First of all, the easy part. Voice control is less time sensitive than the voice flow, because it does not carry voice sound, just statistical information about the voice flow. So you can miss a packet or 2, no big deal. But if you miss too many of them, the phones won't be able to interpret the quality of the line anymore, and your call will drop. So this information is "critical" but "less urgent" than the voice flow. It is tagged 802.1p 3, and belongs to the AC_VI tag 4 for the wireless side.

Now the more delicate part: what DSCP should it have? So here is the story behind it, as I remember it (am I that old?): Cisco used to recommend setting voice signaling to AF 31 (DSCP 26). They thought that tagging voice control this way was appropriate, because it allowed for the same class 3 as the 802.1p value, while still setting a drop precedence (1), which is what the strength of DSCP is about.
But they were criticized because people were saying that systems using IP precedence instead of DSCP could not really use the drop precedence (value 1) and just the IP precedence PHB part (3), so using AF31 was not the best choice ever.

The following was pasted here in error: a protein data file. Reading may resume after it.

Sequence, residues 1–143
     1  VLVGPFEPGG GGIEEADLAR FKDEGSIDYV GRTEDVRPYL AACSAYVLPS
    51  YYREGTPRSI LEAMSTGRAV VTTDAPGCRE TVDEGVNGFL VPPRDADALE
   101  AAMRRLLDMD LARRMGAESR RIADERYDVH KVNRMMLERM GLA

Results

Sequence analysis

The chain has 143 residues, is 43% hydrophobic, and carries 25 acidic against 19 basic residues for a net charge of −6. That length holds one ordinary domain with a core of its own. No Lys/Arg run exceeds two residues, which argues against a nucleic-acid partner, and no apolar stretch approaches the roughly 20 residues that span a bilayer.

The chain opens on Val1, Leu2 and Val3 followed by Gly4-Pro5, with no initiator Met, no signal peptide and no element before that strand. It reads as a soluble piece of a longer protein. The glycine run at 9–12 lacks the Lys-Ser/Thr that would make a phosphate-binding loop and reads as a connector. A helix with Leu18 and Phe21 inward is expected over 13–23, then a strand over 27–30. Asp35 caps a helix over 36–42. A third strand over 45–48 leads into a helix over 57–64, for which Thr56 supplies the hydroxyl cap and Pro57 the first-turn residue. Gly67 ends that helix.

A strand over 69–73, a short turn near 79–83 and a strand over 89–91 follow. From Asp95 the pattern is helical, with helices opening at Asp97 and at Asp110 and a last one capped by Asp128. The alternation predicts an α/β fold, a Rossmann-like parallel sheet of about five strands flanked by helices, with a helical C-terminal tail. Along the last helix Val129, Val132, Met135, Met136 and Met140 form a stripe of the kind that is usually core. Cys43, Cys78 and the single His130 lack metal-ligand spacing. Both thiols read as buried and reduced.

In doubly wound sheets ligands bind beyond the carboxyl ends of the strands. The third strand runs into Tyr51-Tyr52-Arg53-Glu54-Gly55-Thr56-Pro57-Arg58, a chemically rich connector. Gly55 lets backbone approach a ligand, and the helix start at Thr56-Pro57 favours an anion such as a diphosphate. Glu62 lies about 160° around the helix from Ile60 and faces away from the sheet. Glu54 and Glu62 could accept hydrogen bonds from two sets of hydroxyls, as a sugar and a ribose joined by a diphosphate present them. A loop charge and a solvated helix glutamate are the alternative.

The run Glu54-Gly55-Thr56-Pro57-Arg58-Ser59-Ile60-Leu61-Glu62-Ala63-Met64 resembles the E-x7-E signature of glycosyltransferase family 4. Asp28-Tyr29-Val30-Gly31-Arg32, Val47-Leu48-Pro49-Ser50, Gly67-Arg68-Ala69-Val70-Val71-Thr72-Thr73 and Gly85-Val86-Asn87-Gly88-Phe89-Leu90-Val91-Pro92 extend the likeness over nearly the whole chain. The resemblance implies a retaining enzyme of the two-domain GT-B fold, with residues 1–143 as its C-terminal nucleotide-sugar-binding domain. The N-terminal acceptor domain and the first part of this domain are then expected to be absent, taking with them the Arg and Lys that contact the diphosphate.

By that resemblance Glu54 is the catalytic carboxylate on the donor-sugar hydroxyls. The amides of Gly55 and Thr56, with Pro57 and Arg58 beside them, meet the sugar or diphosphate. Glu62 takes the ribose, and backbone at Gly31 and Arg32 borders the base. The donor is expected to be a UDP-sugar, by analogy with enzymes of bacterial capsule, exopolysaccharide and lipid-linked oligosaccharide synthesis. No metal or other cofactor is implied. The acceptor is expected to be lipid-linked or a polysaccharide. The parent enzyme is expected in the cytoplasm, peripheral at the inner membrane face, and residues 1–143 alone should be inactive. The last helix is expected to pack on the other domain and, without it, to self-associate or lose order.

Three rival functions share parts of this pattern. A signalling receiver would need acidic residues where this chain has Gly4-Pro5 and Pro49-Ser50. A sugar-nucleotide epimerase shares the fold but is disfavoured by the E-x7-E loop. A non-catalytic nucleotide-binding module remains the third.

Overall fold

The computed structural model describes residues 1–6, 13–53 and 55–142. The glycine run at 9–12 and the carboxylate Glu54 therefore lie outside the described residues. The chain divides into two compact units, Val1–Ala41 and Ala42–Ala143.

After years of hearing that complaint, Cisco released new good practices and new tables showing that in fact voice signaling should slowly be changed to DSCP 24, which is CS3 (so there is no drop precedence and a complete match between the DSCP value, the IP precedence value and the 802.1p priority level). That was a couple of years ago. But of course in between the same complaining customers had already implemented the AF31 tag, and started complaining again, this time about migration issues, stating that if the systems were fully DSCP it didn't really matter, etc.
So today, the new recommendation is DSCP 24 for voice control, DSCP 26 being still largely accepted for migrated implementations.
So which one should we use in a training scenario?
The bottom line is that in a lab environment, 24 is better but both 24 and 26 are fine.
If you know the story, you can decide that this is a new implementation and you set 24, or this is a migrated implementation and you keep 26, or you can ask which one is preferred to your dear proctor... but he may then remind you that this is the CCIE Wireless, not Voice, and that it does not really matter to judge your wireless skills... :-)